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Bibb named vice-chair of national mayors’ group on climate issues

Mayor-elect Justin Bibb of Cleveland, Ohio, listens to a reporter's question after attending meetings at the White House in Washington, Tuesday, Dec. 14, 2021.
Patrick Semansky
Cleveland Mayor Justin Bibb is one of eleven Ohio city leaders who are members of Climate Mayors.

Cleveland Mayor Justin Bibb will become vice-chair of Climate Mayors, a bipartisan climate organization the includes mayors across the country.

Bibb announced his new role during a news conference Wednesday and said he intends to help represent mayors as they confront the intersections between climate change and other issues like lead paint, air quality and crime.

“We as mayors and as city hall leaders, we must do a better job of translating what we're doing and how these issues affect the everyday lived experiences of our residents,” he said. “I'm looking forward to using my role as vice-chair to be that bridge, to be to be that continuous organizer and that translator so that the country knows that U.S. mayors, we're on the front lines and make sure that the promise of climate justice is real moving forward ahead.”

Bibb said he is looking into ways to use American Rescue Plan Act funds to promote climate-friendly jobs and build the green economy in Cleveland.

The city is currently developing plans for its North Coast Connector project to connect Downtown to the lakefront, and recently began implementing electric vehicle charging stations in underrepresented communities.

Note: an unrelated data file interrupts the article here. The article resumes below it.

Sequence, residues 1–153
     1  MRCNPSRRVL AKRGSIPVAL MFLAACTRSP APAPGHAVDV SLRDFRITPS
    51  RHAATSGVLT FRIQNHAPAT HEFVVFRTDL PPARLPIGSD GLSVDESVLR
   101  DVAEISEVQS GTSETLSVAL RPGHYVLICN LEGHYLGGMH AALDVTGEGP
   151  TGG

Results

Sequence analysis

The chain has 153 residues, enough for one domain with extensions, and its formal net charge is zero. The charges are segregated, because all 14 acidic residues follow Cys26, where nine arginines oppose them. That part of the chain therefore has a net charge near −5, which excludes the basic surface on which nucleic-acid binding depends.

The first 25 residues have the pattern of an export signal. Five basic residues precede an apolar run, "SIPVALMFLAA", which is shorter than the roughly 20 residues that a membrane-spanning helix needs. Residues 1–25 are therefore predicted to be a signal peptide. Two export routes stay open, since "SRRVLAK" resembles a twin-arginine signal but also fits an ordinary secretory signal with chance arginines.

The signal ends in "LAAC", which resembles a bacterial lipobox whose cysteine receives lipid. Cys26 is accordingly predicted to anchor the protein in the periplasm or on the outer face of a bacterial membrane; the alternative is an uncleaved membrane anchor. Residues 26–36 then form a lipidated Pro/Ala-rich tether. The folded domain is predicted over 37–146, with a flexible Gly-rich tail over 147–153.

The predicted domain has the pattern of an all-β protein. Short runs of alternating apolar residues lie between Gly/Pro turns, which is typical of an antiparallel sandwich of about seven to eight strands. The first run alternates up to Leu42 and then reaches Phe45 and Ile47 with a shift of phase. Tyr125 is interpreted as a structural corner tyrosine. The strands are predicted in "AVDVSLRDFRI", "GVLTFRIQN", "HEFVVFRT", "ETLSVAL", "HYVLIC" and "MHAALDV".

Founded in 2014, Climate Mayors has more than 500 members in 48 states. Houston Mayor and Outgoing Chair Sylvester Turner said he is confident the new leadership will continue to uphold the organization’s mission.

“There's a lot of work still to do ahead of us for all of us to collectively meet the goals of the Paris Agreement,” he said. “But one thing I am certain, I am confident as I step down as Chair, that our organization will continue to amplify the voices of mayors and have shaped support and implement the federal and state policies and programs that will enable us to accelerate the energy transition and reach our goal of carbon neutrality in an equitable manner.”

Mayor Satya Rhodes-Conway of Madison, Wisconsin will be taking over as chair, making her the first woman to hold that position. As chair, Rhodes-Conway said she intends to promote effective engagement with the federal government and to strengthen collaboration between the organization’s members.

“Climate mayors is small but mighty as an organization, and we are strong and getting stronger, but we need to be even stronger yet if we are going to meet the challenge of climate change,” she said. “So, I hope to be helping to grow the organization, and to be actively telling our story as an organization about the impact that we can have.”

Zaria Johnson is a reporter/producer at Ideastream Public Media covering the environment.